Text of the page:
8 Different Types Of Homeless Shelters

If you don’t know life without a roof and four walls around you, you may not think much about the blessing of your home. But if you lived through homelessness, you might be familiar with the profound vulnerability of lacking these walls and a roof, with no home to call your own.

To help people transition away from the deep vulnerability of homelessness, different organizations develop all kinds of homeless shelters. Because the homeless population is full of diverse people from every background, establishing homeless shelters that all look and function the same is not effective. Instead, people and organizations that understand the various needs of the homeless population formed different shelters with different purposes and rules. While some types of shelters have commonalities between one another, each kind has its own distinct elements. To learn more about the many different types of homeless shelters, read this guide to eight of them.

Emergency Shelters

People often lose their homes suddenly and without warning. This could be for a bevy of reasons, two of the most common reasons being a natural disaster impacting their home or experiencing abuse from someone close them. Whether their home is not safe or completely taken away, emergency housing can help fill the gap.

Typically, emergency shelters function as day shelters, meaning that temporary residents can stay there at night but also during the day. Their ability to do so keeps them out of harm’s way should the environment outside be unsafe. This is noteworthy because some homeless shelters don’t allow sustained daytime stays. Emergency shelters are most common in war-torn regions with large refugee populations.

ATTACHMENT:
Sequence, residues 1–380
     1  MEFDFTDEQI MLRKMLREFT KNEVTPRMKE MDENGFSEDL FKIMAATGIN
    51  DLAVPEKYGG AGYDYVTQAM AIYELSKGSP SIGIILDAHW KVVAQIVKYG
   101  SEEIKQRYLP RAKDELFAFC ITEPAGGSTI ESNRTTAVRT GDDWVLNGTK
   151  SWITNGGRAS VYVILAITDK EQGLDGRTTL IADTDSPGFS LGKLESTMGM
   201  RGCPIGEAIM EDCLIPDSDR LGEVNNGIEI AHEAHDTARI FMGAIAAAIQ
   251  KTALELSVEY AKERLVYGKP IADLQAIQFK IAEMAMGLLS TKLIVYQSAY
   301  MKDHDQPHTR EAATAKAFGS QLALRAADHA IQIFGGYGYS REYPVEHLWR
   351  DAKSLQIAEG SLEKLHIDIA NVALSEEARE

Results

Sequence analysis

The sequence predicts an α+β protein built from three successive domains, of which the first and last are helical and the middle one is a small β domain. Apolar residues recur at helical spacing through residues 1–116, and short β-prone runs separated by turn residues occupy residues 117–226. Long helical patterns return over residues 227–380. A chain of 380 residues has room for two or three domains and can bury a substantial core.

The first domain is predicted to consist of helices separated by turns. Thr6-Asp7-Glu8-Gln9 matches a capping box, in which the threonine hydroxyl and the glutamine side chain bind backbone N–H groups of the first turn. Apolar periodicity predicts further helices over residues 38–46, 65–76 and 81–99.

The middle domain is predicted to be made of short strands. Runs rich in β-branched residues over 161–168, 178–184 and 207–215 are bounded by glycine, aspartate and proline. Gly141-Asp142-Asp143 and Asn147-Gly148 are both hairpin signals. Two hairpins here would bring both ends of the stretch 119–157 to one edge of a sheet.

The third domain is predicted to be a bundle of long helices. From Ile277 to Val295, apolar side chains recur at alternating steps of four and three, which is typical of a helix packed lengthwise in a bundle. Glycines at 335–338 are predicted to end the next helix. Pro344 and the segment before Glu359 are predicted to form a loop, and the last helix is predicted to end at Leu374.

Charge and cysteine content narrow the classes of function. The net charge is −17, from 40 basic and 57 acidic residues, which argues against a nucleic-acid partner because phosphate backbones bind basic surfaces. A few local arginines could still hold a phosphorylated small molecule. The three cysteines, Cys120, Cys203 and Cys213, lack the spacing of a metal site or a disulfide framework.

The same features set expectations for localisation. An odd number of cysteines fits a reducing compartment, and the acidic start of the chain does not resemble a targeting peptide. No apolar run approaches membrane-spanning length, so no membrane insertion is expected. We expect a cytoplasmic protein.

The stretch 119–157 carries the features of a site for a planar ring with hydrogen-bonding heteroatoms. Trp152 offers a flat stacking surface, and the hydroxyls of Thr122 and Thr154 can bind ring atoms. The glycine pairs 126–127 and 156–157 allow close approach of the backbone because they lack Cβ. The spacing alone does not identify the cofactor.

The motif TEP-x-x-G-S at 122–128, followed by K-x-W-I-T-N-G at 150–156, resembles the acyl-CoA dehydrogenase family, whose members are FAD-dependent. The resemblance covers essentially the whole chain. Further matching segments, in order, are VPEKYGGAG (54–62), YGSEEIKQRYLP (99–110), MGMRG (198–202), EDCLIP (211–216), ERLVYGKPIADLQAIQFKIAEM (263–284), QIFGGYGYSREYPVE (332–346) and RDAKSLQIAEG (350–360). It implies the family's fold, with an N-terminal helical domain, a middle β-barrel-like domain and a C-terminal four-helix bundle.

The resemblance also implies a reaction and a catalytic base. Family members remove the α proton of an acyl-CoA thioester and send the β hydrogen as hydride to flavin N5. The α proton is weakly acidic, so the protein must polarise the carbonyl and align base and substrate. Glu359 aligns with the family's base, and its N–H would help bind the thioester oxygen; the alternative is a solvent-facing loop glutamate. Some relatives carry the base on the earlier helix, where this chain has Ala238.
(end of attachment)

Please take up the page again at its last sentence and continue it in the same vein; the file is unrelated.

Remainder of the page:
Domestic Violence or Women’s Shelters

As a subset of emergency shelters, domestic violence shelters house those experiencing intimate partner violence and other forms of domestic abuse. They often overlap with women’s shelters because women aged 18 to 24 and 25 to 34 experience the highest rates of domestic abuse by far. These shelters commonly house women and their children, many of whom are also abuse victims.

To assist these women and families beyond housing, many domestic violence facilities provide counseling services, resources, and education about relationship dynamics. Counseling covers ways to identify an abusive relationship and separate from a currently abusive partner, also allowing kids to utilize these services to process through their abuse experiences

The Prototypical Homeless Shelter

Technically, emergency shelters are distinct from homeless shelters, though they also provide housing for the homeless. This is because emergency shelters are for time-bound circumstances rather than for those afflicted by chronic homelessness. The prototypical homeless shelter has a couple of notable differences, and before examining homeless shelter variations, it’s best to understand how a homeless shelter typically functions.

First, while emergency shelters allow people to stay throughout the day, many homeless shelters don’t allow people to stay, at least in certain areas. In order to clean shelters and allow for potential new residents, the previous night’s residents must leave at a certain time or go to a common area. In communities where homelessness is high, this allows people who didn’t get a chance the night before to cycle through.

Also, homeless shelters provide other resources to guests. They receive dinner that night and breakfast the next morning. Guests benefit from a shower and a fresh change of clothes to supplement anything they lack. For those looking for a job, something people are encouraged to do, homeless shelters offer help finding one, as well as help saving once people do get a job. And as they go, guests may receive bulk hygiene kits and other mobile resources to help them during their time on the street.